Wiggle Worms, Bouncing Beans and Tapping Tigers

Wiggle worms, bouncing beans and tapping tigers. That’s what I use to call my kids when their driving me nuts!  We all have these kiddo’s, the ones that have ants in their pants all day!  How do we make it work in our classroom?  I have an answer for you…. Sensory Diets!  

But first off, we must understand what Sensory Processing disorders are?Simply put (in teacher terms…), sensory processing disorder is a condition that affects the way a person responds to different things within the environment.  Their brain is unable to process their surroundings appropriately.  Let me give you some examples in the school setting that may affect a child with sensory processing disorder: loud bells, crowded hallways, bright lights, smelly food, gooey art supplies.

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How do you know if your student may have a sensory processing disorder.  Certain symptoms may include:
  •         Discomfort of textures
  •         Sensitive to smells
  •         Difficulty managing movements
  •         Discomfort of human touch
  •         Unresponsive to pain
  •         Makes loud noises
  •         Constantly seeking oral stimulation
  •         Discomfort of lights, sounds
  •         Constantly fidgeting

Now, if your students show any of these signs, does it mean that they have a sensory processing disorder? Of course not.  If they show none of these signs, does it mean they do not?  Not necessarily.  Every child is different and every child has different needs.  It is important for these students that you “red flag” as having a sensory disorder to get assessed. We as teachers cannot diagnose such a condition.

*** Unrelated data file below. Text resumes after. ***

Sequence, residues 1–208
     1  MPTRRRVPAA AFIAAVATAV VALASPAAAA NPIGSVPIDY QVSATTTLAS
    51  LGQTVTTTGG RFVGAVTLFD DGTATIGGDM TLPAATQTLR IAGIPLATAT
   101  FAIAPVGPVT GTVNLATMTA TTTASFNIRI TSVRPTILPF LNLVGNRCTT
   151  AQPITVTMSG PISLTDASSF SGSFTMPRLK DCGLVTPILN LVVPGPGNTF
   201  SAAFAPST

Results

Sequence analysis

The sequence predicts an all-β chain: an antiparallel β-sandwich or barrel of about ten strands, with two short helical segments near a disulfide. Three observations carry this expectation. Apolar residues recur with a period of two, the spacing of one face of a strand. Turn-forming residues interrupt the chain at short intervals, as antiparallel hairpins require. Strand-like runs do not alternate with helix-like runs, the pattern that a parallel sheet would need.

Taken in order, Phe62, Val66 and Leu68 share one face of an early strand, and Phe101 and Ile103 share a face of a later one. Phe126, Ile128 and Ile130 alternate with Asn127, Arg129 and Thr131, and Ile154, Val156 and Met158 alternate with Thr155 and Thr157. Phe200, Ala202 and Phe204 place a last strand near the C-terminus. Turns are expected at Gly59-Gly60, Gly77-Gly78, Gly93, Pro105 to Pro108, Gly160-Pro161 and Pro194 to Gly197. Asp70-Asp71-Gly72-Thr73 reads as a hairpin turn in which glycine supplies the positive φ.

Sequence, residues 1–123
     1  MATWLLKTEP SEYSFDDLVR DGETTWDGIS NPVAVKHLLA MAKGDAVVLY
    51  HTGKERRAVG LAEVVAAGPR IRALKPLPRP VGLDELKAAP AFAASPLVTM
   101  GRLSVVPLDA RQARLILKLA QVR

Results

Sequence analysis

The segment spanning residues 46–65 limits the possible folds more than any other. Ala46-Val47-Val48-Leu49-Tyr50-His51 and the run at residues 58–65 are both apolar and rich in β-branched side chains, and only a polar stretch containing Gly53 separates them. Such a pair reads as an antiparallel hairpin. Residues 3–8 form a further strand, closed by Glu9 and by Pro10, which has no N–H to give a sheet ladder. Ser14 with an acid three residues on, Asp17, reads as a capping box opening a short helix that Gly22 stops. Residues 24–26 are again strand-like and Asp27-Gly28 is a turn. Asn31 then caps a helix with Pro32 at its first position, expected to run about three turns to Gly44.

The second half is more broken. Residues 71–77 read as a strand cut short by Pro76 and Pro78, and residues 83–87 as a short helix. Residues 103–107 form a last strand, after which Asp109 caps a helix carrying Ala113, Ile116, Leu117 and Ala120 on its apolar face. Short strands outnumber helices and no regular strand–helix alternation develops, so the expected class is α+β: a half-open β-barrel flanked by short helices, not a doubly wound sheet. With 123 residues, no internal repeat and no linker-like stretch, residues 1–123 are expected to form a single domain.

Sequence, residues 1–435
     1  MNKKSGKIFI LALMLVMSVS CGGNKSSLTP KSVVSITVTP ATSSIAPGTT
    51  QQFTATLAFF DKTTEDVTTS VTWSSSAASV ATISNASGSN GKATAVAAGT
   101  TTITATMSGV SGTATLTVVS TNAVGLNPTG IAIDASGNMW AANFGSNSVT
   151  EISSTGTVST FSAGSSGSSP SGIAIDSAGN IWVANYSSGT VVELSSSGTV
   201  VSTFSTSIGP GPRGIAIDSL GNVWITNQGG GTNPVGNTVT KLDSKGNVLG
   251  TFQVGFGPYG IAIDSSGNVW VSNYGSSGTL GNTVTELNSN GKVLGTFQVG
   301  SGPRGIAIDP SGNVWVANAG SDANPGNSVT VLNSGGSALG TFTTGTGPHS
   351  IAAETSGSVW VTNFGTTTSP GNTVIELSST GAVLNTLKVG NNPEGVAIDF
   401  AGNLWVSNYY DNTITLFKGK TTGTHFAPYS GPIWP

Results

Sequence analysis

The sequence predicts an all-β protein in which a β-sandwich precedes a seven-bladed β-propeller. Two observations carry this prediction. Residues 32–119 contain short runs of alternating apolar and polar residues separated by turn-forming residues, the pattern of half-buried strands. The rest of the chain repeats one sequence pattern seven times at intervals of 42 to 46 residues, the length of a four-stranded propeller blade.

Now, in my opinion, a sensory integration diet should be implemented in every classroom, no matter what the age group or abilities are.  Sensory integration can help students meet their full potential and learn to regulate their behaviors appropriately.  According to Anna Jean Ayres, sensory integration is “the neurological process that organizes sensation from one's own body and from the environment and makes it possible to use the body effectively within the environment."  It is important for all of our students to have access to sensory tools, equipment and activities to help them organize themselves in a successful manner.

We can't be mad at our students for these sensory seeking behaviors.  We must teach them how to provide the input themselves or how to request sensory input to help them better regulate their behaviors.  Remember- we want them to learn how to become successful within the school day- even if it means adding extra supports throughout the day!  With time, we can reduce and take away these supports…but only after they are successful with them :)

Check back tomorrow to read all about how to set up a sensory diet for your classroom! :)

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